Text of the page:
But the UK was in the process of industrialising and democratising its Parliament. The widening of the voting franchise really began with the Great Reform Act of 1832; became more serious (but still inadequate) with the Second Reform Act of 1867; and was only resolved with full one-person-one-vote rights in the twentieth century.

Compared to that century-long march for political democracy, the 30-year fight over the Corn Laws seems positively speedy, but its consequences are once again resurfacing. The 1846 Repeal of the Corn Laws set the seal on what is known as Britain’s desire for a ‘cheap food policy’. In the early decades of the nineteenth century, Britain’s rural population was leaving the land and becoming the urban working class. For 30 years, culminating in the 1846 Repeal of the Corn Laws, political arguments raged about cheap versus expensive foods, the role of food in setting wage levels, the political risks of what we’d now call ‘food security’. Above all, which class interest would drive British capitalism: old aristocracy or new industrialists? The people were excluded but getting noisy; demands for voting franchise were building up. Which class interest would drive British capitalism: old aristocracy or new industrialists?

Fresh from naval and land victories in the Napoleonic Wars and in the process of massive colonisation and expropriation, the UK Parliament in the end took the momentous decision to repeal the tariffs. A slow process began of abandoning domestic farming, and instead importing food from within the Empire, whichever country offered it most cheaply.

Taking back control

It was not until the two world wars of the twentieth century shook this political complacency that governments again reviewed the UK’s food security policy. And by then there had been a furious battle over legal restrictions on food adulteration and poor quality, not sorted till the 1890s. Reluctantly in World War 1, and then in desperation in World War 2, the UK relearned what other rich countries had not ‘unlearned’ – that it makes sense to retain a sound food production base. That’s why the UK set up its own agricultural policy in 1947, under Labour, a system of farm support which served the same purpose as what the Common Market created a decade later with the Common Agricultural Policy – security for farming to produce food at home.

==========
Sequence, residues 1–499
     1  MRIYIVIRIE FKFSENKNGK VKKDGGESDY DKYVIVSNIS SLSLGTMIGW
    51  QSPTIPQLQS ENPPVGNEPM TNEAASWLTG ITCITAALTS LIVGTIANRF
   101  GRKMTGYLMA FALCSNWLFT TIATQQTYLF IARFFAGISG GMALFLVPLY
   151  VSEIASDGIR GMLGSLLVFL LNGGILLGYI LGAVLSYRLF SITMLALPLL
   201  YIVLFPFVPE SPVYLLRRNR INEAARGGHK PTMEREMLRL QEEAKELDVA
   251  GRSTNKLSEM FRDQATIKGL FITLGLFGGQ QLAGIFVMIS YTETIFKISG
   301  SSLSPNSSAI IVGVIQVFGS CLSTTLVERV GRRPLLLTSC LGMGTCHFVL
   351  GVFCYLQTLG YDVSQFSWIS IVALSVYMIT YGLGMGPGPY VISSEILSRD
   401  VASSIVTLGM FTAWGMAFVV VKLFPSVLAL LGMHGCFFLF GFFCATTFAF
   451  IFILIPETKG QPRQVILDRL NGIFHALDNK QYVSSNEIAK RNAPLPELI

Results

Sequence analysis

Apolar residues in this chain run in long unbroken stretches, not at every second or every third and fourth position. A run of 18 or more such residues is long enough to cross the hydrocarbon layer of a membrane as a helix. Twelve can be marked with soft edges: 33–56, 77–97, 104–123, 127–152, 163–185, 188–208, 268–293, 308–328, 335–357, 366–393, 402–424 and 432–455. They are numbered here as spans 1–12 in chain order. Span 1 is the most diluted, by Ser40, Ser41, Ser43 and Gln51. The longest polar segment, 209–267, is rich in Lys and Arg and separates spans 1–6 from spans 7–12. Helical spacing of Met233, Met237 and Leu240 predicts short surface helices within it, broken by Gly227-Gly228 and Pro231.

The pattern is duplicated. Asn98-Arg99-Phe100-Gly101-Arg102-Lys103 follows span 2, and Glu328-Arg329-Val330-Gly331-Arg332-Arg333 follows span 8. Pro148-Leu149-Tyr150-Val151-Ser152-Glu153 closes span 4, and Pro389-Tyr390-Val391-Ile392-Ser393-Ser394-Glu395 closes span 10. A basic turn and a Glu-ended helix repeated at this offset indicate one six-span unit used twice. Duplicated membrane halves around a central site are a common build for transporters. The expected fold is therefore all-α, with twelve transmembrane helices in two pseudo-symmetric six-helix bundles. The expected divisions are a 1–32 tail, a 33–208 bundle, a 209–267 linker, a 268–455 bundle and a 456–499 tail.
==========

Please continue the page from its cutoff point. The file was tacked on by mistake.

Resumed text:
Negotiating to join the EU in 1967-73 switched subsidy systems but with shared intent. It meant abandoning the relics of Empire which had fed industrialising Britain in the nineteenth century: Canada, New Zealand, Australia, and the looser historical food links such as with Latin America or the Baltic.

Joining the Common Market coincided with a revolution in the food system: more processed foods, supermarketisation, cafés, taste changes, rises in diet-related disease (most recently obesity and diabetes) and thus huge externalised healthcare and environmental costs. Aspects of these changes have been felt everywhere, first in the western rich world and now even in low and middle income countries. This has delivered a situation the proponents of ‘cheap food’ never dreamed of, a flood of what nutritionists now call ‘ultra-processed’ foods, unnecessarily high in fat, salt and sugar – the opposite of the Mediterranean diet.

In a class-divided society such as the UK, we can be saddened but not surprised that British people on low incomes spend proportionately more of their disposable incomes on food than do the rich. The money spent on food in the UK has grown in absolute terms, while in relative terms food expenditure as a proportion of disposable incomes has fallen. This has been the success of both the EU and before that the UK’s 1947 Agriculture Act which in effect repealed the 1846 Repeal of the Corn Laws and committed the UK to taking measures to stabilise food supplies and prices.

Those policy shifts took over a century, two world wars and a recession. Food Brexit today is being rushed upon us in less than two years, without debate, and reigniting old debates about cheapness, quality and sources.  The Corn Laws debate lasted 30 years and split the Tory Party. The UK then had a navy to protect its supply chains. Today, we have just 77 ships, compared with the hundreds in 1939, not that anyone officially anticipates World War 3 when long routes would again be problematic, of course.

Amidst its current concerns, it is essential that the UK Government is held to account. We need a clear and explicit commitment to ensuring a sufficient, sustainable, safe and equitable supply of food, with realistic plans for how this will be achieved when and if the UK is no longer in the EU.